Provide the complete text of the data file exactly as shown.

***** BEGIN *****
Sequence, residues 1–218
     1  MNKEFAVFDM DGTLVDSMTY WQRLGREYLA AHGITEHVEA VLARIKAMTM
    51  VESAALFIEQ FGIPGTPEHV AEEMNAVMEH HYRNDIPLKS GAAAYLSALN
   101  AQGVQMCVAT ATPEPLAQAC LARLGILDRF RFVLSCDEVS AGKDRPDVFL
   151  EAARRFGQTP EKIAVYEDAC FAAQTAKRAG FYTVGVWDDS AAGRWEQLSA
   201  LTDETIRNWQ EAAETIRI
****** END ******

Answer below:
Sequence, residues 1–218
     1  MNKEFAVFDM DGTLVDSMTY WQRLGREYLA AHGITEHVEA VLARIKAMTM
    51  VESAALFIEQ FGIPGTPEHV AEEMNAVMEH HYRNDIPLKS GAAAYLSALN
   101  AQGVQMCVAT ATPEPLAQAC LARLGILDRF RFVLSCDEVS AGKDRPDVFL
   151  EAARRFGQTP EKIAVYEDAC FAAQTAKRAG FYTVGVWDDS AAGRWEQLSA
   201  LTDETIRNWQ EAAETIRI